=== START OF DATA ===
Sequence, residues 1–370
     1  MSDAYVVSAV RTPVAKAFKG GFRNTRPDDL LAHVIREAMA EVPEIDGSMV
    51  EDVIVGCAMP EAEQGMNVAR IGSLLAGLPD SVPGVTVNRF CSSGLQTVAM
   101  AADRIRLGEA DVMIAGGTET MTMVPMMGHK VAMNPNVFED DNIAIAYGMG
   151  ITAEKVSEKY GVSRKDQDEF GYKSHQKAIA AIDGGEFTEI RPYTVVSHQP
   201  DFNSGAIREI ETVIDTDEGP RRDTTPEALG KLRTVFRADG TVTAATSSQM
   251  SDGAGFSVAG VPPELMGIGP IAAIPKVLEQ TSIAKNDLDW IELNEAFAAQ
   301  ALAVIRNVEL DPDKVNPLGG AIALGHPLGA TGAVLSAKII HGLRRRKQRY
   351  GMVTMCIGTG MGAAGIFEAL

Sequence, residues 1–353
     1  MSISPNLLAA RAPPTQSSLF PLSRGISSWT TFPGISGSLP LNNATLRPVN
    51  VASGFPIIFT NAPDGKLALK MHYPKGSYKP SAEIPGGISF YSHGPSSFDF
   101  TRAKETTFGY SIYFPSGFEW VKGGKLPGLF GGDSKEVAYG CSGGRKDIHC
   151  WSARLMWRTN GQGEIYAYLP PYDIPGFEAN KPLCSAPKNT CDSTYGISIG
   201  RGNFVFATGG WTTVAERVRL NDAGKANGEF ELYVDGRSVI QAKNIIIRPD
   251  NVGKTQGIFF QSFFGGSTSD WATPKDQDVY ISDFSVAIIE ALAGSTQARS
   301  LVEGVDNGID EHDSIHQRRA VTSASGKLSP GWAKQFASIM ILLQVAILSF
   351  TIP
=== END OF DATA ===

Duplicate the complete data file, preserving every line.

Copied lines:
Sequence, residues 1–370
     1  MSDAYVVSAV RTPVAKAFKG GFRNTRPDDL LAHVIREAMA EVPEIDGSMV
    51  EDVIVGCAMP EAEQGMNVAR IGSLLAGLPD SVPGVTVNRF CSSGLQTVAM
   101  AADRIRLGEA DVMIAGGTET MTMVPMMGHK VAMNPNVFED DNIAIAYGMG
   151  ITAEKVSEKY GVSRKDQDEF GYKSHQKAIA AIDGGEFTEI RPYTVVSHQP
   201  DFNSGAIREI ETVIDTDEGP RRDTTPEALG KLRTVFRADG TVTAATSSQM
   251  SDGAGFSVAG VPPELMGIGP IAAIPKVLEQ TSIAKNDLDW IELNEAFAAQ
   301  ALAVIRNVEL DPDKVNPLGG AIALGHPLGA TGAVLSAKII HGLRRRKQRY
   351  GMVTMCIGTG MGAAGIFEAL

Sequence, residues 1–353
     1  MSISPNLLAA RAPPTQSSLF PLSRGISSWT TFPGISGSLP LNNATLRPVN
    51  VASGFPIIFT NAPDGKLALK MHYPKGSYKP SAEIPGGISF YSHGPSSFDF
   101  TRAKETTFGY SIYFPSGFEW VKGGKLPGLF GGDSKEVAYG CSGGRKDIHC
   151  WSARLMWRTN GQGEIYAYLP PYDIPGFEAN KPLCSAPKNT CDSTYGISIG
   201  RGNFVFATGG WTTVAERVRL NDAGKANGEF ELYVDGRSVI QAKNIIIRPD
   251  NVGKTQGIFF QSFFGGSTSD WATPKDQDVY ISDFSVAIIE ALAGSTQARS
   301  LVEGVDNGID EHDSIHQRRA VTSASGKLSP GWAKQFASIM ILLQVAILSF
   351  TIP